We all know that starting a new job is one of the more stressful events in life. In fact, starting a new travel therapy job or switching from permanent job to a travel position can be scary. Fortunately, most of us have built in stress relievers – friends and pets! Study after study demonstrates that a strong social support network, including family and friends (and pets), make us more resilient in the face of stress, change, and fear. Travel Therapists often mitigate their stress by finding a traveling partner – maybe a fellow travel therapist who will find a placement in the same town, or a friend or significant other who comes along for the ride. Another option is traveling with a pet who can keep you company and give you a sense of “home away from home.”
Taking a pet on your travel therapy assignment
As a therapist who may be moving frequently owning a dog or cat may be just the stress relief you need when you get home every day. Pets make great partners on travel assignments because you can always take them on your adventures. Going out for a hike? Take your dog. You might not believe this, but I have a friend who takes her cat paddle boarding. So, I guess there are things for your cat to do outside too, if you and your cat are into that sort of thing. More commonly, if you want a little lap buddy when you are watching a movie, a cat works well.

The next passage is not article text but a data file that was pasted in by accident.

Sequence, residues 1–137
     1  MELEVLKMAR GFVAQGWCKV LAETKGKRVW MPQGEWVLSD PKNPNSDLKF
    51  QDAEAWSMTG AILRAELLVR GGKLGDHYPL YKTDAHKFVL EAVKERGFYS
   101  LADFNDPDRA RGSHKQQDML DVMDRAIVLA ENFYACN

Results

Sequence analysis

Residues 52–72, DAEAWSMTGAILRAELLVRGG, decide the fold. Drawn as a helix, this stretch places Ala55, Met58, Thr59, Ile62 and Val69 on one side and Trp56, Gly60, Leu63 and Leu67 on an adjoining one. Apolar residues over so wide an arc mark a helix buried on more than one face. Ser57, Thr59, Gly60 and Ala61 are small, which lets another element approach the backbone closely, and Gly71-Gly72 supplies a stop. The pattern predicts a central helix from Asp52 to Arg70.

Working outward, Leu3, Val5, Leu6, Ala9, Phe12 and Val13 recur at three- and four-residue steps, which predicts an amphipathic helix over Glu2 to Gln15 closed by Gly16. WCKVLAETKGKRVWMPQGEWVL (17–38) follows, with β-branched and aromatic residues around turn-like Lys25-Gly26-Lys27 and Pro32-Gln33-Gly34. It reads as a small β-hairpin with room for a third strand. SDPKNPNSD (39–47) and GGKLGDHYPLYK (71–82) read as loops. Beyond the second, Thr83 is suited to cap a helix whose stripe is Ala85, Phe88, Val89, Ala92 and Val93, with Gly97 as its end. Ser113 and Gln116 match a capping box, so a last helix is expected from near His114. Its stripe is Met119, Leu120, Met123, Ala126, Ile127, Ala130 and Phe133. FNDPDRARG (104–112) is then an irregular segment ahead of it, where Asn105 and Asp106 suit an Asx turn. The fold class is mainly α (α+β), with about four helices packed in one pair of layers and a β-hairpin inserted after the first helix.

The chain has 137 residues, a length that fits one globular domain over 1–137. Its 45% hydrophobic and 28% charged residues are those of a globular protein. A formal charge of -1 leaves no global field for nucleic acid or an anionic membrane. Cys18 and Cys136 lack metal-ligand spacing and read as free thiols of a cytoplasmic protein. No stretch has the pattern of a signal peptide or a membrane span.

The first obstacle that traveling therapists with a pet run into is finding an apartment that will allow pets. Luckily for pet lovers, more and more apartment buildings are allowing dogs and cats (for a slightly high fee of course). The next problem people traveling with a pet run into is finding a good park or open space to let their animals run around and well, be animals. Lucky for today’s travelers, an increasing number of cities are expanding dog parks and off leash areas. I know Alameda, CA, just outside of San Francisco has a wonderful dog park. Want to travel to Michigan for the summer? They also have a plethora of outdoor areas where little Fido and big Max can run free. For even more tips on traveling with your pet and some pet friendly hotels sites while you are on the road, check out this article on PT Solutions’ Blog. Pets are pretty content to be at home while you are at work, but what about traveling with a significant other?
Working as a travel therapist with a friend or significant other
I once worked with a travel Speech and Language Pathologist (SLP) who was traveling with her husband. Her husband, who had just graduated from graduate school, was expecting to find employment where ever they stayed. Unfortunately, he was unable to find a job. This mid-twenties man had trouble finding temporary work because he was highly educated, only going to be around for 3 months, and was looking for a large pay package. In other words, if you take a friend or spouse along, be sure that they have realistic expectations. There are jobs that will hire for only 3 months but you might end up doing seasonal or menial tasks.